Jan. 28 (Bloomberg) -- Mexico arrested a leader of the Knights Templar cartel in Michoacan and agreed to incorporate vigilantes fighting the drug gang in the western state into a special police force.
Dionicio Loya Plancarte, known as El Tio, was found by the army and federal agents hiding in a closet yesterday, the Interior Ministry said in a statement. The government had offered a 30 million-peso ($2.24 million) reward for his capture. Hours later, the government said it signed an agreement with vigilantes fighting the cartel to allow them to register their arms and form a temporary rural police brigade.
President Enrique Pena Nieto deployed the army to Michoacan this month after armed vigilantes stripped police officers of their weapons in more than a dozen towns, accusing them of links to drug gangs that have been extorting citizens for years. After initially clashing with the so-called self-defense groups, the army took over duties from local police and began arresting cartel leaders in the state in efforts to improve security. The vigilantes had demanded top cartel leaders be caught before they would consider disarming.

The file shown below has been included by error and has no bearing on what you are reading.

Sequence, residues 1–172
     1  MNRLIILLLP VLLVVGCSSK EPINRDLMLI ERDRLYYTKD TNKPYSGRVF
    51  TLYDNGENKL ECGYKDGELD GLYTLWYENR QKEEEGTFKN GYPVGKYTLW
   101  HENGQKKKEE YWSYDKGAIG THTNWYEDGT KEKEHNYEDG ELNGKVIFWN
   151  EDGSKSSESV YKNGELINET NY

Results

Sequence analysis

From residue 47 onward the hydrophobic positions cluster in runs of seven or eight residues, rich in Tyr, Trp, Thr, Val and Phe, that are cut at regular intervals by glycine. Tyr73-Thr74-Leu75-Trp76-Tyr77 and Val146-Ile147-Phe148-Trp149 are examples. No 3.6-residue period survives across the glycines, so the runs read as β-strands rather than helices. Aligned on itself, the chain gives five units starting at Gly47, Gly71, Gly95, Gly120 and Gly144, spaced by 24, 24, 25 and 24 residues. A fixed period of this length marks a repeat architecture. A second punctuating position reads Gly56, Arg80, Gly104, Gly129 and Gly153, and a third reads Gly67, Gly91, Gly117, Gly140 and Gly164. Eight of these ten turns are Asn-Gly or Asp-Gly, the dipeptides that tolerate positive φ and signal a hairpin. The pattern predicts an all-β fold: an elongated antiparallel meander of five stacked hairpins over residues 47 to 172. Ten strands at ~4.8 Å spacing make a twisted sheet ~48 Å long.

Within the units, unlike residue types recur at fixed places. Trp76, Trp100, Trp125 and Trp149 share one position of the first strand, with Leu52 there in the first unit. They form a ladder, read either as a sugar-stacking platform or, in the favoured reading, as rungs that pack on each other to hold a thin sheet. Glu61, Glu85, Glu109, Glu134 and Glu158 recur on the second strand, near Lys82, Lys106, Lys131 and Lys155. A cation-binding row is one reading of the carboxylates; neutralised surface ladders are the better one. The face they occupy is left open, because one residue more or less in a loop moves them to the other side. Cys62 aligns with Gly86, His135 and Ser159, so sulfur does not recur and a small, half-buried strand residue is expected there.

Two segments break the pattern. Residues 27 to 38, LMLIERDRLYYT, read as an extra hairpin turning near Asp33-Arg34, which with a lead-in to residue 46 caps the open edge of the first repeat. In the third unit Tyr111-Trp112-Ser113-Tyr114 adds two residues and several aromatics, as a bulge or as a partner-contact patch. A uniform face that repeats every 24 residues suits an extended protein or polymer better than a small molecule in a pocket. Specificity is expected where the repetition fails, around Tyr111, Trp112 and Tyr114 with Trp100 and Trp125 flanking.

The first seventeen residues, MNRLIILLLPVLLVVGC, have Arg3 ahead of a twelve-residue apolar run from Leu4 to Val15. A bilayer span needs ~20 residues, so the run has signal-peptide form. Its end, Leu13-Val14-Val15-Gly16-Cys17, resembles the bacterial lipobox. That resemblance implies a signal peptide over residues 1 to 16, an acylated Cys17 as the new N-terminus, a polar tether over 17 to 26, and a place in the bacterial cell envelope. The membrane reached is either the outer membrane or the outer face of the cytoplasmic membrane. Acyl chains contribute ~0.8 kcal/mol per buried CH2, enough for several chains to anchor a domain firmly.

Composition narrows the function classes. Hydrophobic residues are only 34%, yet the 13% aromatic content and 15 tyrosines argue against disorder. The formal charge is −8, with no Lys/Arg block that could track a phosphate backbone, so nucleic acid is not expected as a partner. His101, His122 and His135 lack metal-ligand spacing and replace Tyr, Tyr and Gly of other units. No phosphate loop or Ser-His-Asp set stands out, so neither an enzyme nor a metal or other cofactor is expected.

“This is an important capture,” Jorge Chabat, a security analyst at the Center for Economic Research and Teaching, a Mexico City-based university, said by telephone. “This will contribute to strengthening the image of the government as one that is attacking this criminal group. But there are still many leaders who work for this organization and it won’t be easy to capture all of them so quickly.”
Loya Plancarte is alleged to be the second-in-command of the Knights Templar, after Servando Gomez, known as El Tuta, according to a press official in the Attorney General’s Office, who asked not to be named as government policy prohibits it.
The vigilantes can eventually become members of the municipal police once their names are registered and they’ve completed requirements to enter the force, the Interior Ministry said in an e-mailed statement.
Alejandro Hope, a former government intelligence officer and now a security analyst at the Mexican Competitiveness Institute, said incorporating vigilantes into a temporary police force “isn’t a bad idea.”
However, allowing them to become part of the permanent municipal police without background checks and other quality controls will only perpetuate corrupt practices in the state, Hope said in a telephone interview.
To contact the reporter on this story: Nacha Cattan in Mexico City at firstname.lastname@example.org
To contact the editor responsible for this story: Andre Soliani at email@example.com